Since it is most common with children in booster seats, let’s talk more about booster seats for carpooling. Make sure your booster seats will fit. Installing any type of seat three-across can be challenging but boosters need room for buckling as well. Make sure your kids understand how to use their booster seat in a variety of situations. Teach them to check their shoulder belt fit and to always use a seating position with head support. Test your kids in other vehicles to see if they can set up their booster seat correctly, including assessing proper shoulder belt fit and finding a seating position with a head restraint. It’s likely that their travel booster seat may be different from their everyday booster seat so be sure your child understands the differences and how to use them both.

As I mentioned, the market is changing and we have so many products available to help with the challenges of carpooling. (Please remember that not all restraints are appropriate for every child or every vehicle. Always read the manufacturer’s instructions to ensure you’re using the restraint correctly.)

Don’t sacrifice safety for convenience. Protect your precious cargo EVERY ride.

 

Carpool-Friendly Child Restraints:

BubbleBum: This inflatable booster seat is narrow and very compact when deflated and rolled up making it a great solution for fitting in a middle seat or tossing in a backpack. Even fully inflated, it takes up very little room.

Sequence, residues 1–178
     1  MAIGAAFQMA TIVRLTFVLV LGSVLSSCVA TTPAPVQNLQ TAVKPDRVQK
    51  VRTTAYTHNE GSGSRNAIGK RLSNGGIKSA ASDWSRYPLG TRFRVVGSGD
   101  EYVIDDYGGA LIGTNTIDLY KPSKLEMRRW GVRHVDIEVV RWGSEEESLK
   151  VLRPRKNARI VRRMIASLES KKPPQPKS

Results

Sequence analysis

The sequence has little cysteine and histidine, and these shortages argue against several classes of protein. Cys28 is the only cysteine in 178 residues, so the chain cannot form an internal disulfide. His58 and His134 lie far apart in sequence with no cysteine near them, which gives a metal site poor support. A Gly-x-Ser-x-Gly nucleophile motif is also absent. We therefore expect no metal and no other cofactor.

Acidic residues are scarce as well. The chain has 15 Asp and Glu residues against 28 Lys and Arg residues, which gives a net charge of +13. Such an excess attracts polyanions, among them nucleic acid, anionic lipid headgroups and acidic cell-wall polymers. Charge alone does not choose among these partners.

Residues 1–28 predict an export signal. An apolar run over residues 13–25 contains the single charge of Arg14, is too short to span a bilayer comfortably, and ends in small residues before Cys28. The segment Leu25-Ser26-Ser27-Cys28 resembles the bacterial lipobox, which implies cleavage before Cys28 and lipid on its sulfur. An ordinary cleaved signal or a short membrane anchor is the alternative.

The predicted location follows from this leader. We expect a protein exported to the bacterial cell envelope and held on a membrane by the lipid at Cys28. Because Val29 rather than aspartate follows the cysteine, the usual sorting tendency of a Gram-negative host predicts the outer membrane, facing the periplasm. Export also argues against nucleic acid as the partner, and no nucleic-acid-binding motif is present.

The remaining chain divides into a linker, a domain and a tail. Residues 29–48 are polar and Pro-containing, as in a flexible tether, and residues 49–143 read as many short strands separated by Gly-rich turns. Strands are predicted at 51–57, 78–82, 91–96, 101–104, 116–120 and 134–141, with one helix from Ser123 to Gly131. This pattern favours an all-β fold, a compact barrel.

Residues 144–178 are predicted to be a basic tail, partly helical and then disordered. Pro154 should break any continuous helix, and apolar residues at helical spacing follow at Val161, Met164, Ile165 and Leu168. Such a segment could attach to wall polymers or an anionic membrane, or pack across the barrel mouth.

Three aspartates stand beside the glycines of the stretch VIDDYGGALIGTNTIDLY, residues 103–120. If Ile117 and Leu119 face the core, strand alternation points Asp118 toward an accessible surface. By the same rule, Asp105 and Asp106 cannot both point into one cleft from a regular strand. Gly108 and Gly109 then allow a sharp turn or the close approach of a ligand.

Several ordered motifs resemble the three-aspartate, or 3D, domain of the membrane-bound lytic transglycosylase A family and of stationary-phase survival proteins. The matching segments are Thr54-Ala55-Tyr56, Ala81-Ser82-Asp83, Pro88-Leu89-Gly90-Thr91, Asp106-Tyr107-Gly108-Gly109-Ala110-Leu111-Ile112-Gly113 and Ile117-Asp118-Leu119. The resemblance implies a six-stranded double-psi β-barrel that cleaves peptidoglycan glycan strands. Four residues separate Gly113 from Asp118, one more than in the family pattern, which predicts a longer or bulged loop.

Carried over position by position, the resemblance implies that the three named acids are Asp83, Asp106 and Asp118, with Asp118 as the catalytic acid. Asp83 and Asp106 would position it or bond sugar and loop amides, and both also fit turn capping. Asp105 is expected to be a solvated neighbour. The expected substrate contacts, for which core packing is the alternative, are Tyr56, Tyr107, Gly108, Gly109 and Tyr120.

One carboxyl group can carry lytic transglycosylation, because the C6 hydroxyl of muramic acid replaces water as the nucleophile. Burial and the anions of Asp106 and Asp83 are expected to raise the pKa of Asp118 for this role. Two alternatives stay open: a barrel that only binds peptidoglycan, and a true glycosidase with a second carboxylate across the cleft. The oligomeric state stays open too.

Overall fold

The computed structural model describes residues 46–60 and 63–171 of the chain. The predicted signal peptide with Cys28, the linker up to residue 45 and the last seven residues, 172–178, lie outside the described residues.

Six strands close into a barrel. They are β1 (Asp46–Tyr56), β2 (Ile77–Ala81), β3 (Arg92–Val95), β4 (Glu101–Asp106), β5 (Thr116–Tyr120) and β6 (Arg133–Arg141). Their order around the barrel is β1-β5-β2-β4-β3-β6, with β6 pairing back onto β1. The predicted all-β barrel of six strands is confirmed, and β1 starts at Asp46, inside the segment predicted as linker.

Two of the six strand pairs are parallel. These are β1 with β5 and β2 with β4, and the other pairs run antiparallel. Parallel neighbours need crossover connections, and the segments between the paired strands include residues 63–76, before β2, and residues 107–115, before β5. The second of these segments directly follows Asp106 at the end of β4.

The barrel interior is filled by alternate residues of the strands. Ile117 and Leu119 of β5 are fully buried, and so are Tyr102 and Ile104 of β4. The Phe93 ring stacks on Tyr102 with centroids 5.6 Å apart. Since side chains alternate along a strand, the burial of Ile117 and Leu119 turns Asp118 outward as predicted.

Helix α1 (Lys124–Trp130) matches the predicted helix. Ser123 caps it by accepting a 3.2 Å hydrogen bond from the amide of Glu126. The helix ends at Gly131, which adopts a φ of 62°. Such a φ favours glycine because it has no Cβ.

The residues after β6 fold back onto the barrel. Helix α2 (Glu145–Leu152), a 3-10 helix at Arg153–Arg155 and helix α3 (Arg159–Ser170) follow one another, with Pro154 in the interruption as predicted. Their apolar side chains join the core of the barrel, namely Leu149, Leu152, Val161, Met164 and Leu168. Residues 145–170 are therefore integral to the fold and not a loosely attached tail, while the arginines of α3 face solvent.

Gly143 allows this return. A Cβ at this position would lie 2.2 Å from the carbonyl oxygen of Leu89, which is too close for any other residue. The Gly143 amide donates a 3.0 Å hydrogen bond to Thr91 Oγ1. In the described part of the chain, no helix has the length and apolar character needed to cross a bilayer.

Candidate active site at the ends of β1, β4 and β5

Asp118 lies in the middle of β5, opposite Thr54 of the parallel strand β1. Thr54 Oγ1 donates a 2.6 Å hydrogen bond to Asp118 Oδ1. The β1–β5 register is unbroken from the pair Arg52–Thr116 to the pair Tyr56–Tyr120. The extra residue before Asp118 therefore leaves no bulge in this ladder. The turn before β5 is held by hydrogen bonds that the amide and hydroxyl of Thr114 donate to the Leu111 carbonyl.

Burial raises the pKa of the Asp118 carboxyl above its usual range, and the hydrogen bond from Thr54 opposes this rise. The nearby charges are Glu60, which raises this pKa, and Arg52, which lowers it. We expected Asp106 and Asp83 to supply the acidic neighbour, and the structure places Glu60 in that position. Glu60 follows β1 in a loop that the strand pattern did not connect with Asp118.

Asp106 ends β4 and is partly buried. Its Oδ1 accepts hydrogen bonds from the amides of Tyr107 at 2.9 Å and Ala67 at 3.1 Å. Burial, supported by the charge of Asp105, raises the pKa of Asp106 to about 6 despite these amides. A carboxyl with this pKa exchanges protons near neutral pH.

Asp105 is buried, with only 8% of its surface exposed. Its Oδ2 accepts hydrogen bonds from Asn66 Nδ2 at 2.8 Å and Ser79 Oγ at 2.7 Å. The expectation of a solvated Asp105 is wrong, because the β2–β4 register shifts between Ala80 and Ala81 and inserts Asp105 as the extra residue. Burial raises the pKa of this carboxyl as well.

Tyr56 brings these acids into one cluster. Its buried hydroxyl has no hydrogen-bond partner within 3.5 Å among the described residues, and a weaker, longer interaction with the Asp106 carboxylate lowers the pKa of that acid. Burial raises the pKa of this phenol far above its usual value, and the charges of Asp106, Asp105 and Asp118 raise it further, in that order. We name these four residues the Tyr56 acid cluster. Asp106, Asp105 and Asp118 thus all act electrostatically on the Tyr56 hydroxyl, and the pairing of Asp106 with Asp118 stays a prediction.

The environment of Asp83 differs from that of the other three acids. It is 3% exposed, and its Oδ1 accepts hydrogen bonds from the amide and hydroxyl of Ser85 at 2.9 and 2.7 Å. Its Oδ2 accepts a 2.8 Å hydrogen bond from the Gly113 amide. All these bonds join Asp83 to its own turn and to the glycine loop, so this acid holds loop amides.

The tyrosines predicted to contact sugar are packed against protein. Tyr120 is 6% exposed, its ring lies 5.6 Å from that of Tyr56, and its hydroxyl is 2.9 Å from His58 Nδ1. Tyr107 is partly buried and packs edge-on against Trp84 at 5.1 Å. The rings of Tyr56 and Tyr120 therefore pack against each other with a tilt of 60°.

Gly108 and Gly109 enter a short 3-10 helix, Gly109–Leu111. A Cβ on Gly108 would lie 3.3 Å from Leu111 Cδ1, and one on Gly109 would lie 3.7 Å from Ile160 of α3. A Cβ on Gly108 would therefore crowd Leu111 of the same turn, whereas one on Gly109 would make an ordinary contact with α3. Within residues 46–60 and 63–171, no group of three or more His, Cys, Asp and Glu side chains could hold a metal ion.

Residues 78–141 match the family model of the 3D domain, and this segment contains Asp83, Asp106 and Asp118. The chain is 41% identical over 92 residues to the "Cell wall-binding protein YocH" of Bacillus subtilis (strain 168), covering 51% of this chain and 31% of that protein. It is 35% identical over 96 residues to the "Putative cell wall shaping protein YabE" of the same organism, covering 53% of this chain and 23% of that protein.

Ride Safer Travel Vest: This product is a cross between a 5 point harness and a traditional booster seat. Rather than lifting the child up to fit the vehicle seat belt, the vest lowers the seat belt down to fit the child. The surface area and energy-absorbing material help absorb crash forces and spread them over a wider area of the body like a 5 point harness does. The vest can also be used with the tether to stabilize the upper body of a child if he/she isn’t quite ready to sit completely still.

 

Graco RightGuide: One of the newest portable boosters on the market, the RightGuide is easy to use and plenty compact for a backpack. Just be sure the shoulder belt is making contact with the shoulder. If not, the included shoulder belt adjustment clip is stored neatly inside the bottom of the RightGuide.

 

Graco TurboGo: The wide-open belt guides make this booster very easy to use. It also has a unique fold that reduces the size of the booster by about 30% for easy transport while still giving you a nice full-size booster when you need it.

Graco TurboBooster TakeAlong (Highback and Backless Boosters): The Backless portion of this booster essentially folds in half. It’s much more compact than many boosters but it’s very easy to use and boosts kids up enough to often not need shoulder belt adjustment.

MiFold: While the MiFold is fabulous in theory, we haven’t found it to offer a consistent belt fit from vehicle to vehicle and child to child. Be sure to check the fit on the child in the vehicle where it will be used before sending this seat with your child.

HiFold: This folding highback booster is new to the market and appears to give a pretty good fit. It’s certainly not as compact as the backless boosters above, or the RSTV, but it may prove to be a nice addition to the market. (Not yet evaluated by CarseatBlog)

WhizRider: Similar to the Ride Safer Travel Vest, this very compact travel solution also lowers the seat belt down to fit the child. It does not have energy-absorbing material or an optional tether. (Not yet evaluated by CarseatBlog)